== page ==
Will moving to the middle on immigration deliver electoral success to Democrats in 2024?

Tom Suozzi points at supporters from a stage in front of four furled American flags
Rep.-elect Tom Suozzi (D-N.Y.), shown onstage at his election watch party Tuesday night, tested approaches to immigration that other Democrats are likely to employ in this year’s campaigns.
(Stefan Jeremiah / Associated Press)

For a decade, starting with President Obama‘s reelection and accelerating during Donald Trump‘s years in office, Democrats moved to the left on immigration issues, downplaying border enforcement and advocating for the rights of migrants to seek asylum in the U.S.

For a time, the public moved with them. The harsh enforcement measures pushed by Trump, especially the separation of children from their families at the border, generated an intense backlash among voters.

Polls during Trump’s tenure found a steady increase in Americans who favored more immigration and legalization for those who had entered the U.S. without papers.


That’s all changed.

As the number of migrants crossing the southern border has risen to record levels, public support for immigration has gone down, including among Democrats.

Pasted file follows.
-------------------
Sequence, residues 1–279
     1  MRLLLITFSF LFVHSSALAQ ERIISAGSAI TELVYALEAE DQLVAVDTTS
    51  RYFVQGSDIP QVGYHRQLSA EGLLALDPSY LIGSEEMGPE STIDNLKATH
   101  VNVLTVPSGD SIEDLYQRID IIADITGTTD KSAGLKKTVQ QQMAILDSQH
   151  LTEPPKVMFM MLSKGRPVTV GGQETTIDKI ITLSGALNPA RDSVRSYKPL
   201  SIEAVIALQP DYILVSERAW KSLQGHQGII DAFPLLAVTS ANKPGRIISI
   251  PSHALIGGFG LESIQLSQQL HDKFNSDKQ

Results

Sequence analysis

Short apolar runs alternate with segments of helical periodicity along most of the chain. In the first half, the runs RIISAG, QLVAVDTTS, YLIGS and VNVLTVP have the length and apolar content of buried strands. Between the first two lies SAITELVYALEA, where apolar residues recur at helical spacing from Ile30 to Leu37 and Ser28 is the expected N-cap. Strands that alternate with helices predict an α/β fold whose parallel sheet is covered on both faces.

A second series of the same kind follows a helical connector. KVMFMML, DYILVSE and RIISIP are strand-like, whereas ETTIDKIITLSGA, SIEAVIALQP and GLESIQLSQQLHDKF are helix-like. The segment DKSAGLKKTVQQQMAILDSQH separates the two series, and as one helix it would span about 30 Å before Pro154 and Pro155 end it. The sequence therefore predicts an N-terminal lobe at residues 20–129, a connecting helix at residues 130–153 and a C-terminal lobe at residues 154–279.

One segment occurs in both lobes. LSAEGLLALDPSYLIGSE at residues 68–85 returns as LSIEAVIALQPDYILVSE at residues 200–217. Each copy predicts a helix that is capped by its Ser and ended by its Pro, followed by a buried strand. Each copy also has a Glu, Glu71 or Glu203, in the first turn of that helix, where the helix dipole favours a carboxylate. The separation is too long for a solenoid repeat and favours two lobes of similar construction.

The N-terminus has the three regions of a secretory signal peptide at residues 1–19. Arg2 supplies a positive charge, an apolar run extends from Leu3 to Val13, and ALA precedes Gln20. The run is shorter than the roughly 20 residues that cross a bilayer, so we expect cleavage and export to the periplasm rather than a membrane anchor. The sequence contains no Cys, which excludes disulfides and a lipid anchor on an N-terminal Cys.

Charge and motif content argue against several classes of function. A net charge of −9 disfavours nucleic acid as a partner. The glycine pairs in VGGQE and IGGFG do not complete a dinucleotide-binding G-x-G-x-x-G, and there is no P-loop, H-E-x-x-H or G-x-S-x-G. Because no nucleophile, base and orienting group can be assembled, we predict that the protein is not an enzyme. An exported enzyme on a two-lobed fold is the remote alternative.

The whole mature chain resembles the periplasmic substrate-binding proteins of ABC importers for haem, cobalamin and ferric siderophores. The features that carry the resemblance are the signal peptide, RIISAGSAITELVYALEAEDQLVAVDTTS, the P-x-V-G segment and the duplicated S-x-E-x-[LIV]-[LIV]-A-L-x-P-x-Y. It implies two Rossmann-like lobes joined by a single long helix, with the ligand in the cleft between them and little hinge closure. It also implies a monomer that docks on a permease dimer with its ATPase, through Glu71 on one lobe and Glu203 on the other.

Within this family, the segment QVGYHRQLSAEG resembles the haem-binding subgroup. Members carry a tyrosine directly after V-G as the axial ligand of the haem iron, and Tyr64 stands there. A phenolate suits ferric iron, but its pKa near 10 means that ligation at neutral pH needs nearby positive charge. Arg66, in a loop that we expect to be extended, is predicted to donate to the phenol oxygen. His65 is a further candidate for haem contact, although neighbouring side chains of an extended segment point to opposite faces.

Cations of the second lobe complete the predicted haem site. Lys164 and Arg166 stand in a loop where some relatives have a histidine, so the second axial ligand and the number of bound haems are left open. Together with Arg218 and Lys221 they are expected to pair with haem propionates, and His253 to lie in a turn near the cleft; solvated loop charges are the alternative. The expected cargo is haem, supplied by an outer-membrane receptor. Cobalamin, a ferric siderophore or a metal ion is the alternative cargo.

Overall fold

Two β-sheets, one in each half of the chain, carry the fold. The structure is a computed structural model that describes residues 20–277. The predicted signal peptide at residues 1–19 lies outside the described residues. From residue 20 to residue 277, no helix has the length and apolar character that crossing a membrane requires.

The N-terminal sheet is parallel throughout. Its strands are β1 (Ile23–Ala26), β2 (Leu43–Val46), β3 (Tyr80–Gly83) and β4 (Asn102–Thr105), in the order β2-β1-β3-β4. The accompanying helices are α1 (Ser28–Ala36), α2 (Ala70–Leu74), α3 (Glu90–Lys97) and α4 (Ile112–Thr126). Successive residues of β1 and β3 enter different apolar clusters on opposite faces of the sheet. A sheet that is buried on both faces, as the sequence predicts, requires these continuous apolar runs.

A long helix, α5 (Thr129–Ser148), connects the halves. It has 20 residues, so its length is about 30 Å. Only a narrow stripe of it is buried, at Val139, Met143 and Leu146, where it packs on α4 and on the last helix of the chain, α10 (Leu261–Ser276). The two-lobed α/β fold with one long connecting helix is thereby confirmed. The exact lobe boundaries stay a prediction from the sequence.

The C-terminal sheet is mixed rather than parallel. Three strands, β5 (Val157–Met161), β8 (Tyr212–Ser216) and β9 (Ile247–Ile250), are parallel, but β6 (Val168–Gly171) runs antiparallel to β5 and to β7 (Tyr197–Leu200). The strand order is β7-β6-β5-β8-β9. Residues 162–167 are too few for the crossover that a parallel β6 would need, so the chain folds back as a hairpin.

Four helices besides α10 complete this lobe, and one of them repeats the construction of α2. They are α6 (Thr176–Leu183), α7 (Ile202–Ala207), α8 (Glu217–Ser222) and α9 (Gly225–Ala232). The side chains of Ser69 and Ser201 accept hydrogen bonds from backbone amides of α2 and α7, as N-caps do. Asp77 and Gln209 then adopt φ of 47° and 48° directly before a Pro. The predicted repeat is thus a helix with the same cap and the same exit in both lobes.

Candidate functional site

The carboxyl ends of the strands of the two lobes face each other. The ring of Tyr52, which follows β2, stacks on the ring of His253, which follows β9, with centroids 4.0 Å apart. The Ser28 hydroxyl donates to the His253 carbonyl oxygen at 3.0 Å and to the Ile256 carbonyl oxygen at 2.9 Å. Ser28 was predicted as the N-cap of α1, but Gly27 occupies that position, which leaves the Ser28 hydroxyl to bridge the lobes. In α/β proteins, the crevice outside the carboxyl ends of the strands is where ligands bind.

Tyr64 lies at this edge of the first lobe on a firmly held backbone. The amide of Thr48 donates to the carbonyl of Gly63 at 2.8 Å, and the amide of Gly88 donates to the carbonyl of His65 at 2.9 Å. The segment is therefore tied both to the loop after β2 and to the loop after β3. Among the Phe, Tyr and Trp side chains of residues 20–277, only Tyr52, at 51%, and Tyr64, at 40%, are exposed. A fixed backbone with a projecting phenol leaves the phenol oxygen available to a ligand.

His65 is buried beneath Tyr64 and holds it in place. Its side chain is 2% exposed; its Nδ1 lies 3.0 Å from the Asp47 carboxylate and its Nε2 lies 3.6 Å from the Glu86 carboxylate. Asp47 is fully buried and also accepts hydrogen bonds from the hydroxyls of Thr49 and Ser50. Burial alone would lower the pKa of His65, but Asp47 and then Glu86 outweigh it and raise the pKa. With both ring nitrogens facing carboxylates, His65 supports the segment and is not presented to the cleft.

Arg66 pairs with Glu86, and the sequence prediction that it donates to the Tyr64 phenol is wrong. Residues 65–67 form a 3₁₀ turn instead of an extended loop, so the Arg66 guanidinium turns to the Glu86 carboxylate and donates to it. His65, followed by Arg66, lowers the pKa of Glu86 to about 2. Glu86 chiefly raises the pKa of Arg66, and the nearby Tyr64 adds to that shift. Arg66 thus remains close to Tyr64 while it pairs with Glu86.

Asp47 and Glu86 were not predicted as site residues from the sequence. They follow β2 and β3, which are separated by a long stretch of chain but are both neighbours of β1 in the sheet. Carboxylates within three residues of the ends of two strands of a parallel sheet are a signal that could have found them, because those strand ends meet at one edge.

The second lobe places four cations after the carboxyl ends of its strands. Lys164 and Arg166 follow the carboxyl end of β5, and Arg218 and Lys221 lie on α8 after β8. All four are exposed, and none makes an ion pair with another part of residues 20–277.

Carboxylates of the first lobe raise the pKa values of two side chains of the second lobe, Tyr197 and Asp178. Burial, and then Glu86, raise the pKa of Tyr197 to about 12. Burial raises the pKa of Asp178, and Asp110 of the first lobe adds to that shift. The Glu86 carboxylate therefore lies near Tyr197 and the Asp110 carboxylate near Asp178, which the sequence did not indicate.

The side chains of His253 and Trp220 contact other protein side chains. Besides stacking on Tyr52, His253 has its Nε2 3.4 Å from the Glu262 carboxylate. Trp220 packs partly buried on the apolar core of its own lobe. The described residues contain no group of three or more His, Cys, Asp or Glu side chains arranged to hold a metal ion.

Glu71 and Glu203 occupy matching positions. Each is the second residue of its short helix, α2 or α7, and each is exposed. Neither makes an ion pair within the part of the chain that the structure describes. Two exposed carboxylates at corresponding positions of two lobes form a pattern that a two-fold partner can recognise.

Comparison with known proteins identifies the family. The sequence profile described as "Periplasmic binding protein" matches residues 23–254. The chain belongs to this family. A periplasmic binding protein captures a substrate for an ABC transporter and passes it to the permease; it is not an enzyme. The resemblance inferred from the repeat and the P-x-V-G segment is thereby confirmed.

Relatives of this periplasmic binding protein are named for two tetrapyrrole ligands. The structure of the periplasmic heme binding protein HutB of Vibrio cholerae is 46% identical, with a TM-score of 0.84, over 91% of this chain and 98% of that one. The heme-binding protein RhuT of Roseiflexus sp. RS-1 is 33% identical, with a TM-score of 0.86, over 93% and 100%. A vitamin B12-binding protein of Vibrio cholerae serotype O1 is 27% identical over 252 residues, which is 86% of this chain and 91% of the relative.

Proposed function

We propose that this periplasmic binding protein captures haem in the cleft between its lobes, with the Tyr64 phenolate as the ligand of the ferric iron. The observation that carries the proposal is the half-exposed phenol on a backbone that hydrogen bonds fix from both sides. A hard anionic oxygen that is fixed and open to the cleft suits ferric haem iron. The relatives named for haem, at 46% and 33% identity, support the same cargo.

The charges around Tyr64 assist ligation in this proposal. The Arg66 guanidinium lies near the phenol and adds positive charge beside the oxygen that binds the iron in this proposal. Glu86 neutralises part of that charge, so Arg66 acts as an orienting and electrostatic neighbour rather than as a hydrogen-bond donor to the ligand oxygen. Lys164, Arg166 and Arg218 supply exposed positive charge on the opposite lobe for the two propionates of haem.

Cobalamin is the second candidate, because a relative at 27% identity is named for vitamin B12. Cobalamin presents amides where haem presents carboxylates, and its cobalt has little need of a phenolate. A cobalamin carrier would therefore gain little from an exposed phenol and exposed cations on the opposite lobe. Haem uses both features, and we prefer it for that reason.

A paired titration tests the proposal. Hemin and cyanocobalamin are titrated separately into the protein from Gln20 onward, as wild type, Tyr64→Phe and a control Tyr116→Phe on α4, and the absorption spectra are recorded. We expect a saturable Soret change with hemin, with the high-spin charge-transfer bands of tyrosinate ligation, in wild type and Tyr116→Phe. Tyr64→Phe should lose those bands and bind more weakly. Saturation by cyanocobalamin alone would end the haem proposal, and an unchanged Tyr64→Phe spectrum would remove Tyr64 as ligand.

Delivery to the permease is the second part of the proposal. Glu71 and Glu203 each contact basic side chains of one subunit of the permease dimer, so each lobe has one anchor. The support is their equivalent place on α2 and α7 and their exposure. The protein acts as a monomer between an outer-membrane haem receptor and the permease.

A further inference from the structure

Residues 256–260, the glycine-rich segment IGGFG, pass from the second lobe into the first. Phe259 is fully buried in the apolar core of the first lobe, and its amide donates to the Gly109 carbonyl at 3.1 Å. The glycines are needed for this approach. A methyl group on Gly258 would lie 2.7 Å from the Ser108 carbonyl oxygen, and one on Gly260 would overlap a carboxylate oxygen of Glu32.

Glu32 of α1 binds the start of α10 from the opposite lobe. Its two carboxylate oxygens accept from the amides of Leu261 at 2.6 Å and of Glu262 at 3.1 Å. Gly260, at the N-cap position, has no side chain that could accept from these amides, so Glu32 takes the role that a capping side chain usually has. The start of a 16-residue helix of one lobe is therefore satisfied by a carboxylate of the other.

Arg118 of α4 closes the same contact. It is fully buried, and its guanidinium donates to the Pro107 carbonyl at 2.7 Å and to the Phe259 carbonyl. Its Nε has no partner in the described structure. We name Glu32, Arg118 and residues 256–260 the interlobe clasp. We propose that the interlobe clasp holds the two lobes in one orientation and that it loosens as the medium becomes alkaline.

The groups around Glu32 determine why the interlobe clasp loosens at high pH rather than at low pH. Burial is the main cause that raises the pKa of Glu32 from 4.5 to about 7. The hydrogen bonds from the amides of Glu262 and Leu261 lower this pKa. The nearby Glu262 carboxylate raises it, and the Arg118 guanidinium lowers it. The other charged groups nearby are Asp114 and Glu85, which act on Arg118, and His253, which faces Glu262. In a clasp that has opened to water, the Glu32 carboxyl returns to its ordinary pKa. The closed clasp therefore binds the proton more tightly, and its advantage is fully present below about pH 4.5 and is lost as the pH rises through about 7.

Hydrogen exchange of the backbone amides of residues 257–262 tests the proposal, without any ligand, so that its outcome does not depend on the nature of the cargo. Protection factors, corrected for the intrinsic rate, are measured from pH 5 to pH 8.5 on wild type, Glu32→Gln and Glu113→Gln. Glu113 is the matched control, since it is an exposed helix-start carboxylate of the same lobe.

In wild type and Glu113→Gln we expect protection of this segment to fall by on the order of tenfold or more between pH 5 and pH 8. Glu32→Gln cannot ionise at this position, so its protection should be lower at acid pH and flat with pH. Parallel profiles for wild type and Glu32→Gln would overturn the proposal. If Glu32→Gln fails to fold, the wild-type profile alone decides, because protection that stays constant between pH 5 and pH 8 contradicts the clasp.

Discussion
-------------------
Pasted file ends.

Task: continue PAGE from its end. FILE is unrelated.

Republicans have pummeled President Biden on the issue, and it has divided Democrats.

The Democratic response, from the White House on down, has been to shift toward advocating stronger border enforcement.

In recent weeks, Republican overreach on the issue has given Democrats an opening. The victory Tuesday by Democrat Tom Suozzi in a special congressional election to fill the suburban New York seat formerly held by Republican George Santos served as proof of concept for how to exploit that. Party strategists clearly hope to deploy similar tactics in swing districts across the country this fall, including several in Southern California.


Containing a backlash

That’s an unsettling prospect for some California Democrats, who face the difficult task of reassuring voters concerned about chaos at the border without alienating voters on the left who strongly favor immigrant rights.


“The good thing about the Suozzi victory is that Suozzi won. The bad thing about the Suozzi victory is Suozzi won,” Rep. Lou Correa (D-Santa Ana) told my colleague Ben Oreskes. “He doubled down on immigration,” Correa added. “Maybe that’s the winning formula. But to have immigration now be the piñata that everybody’s going to beat up on is not good.”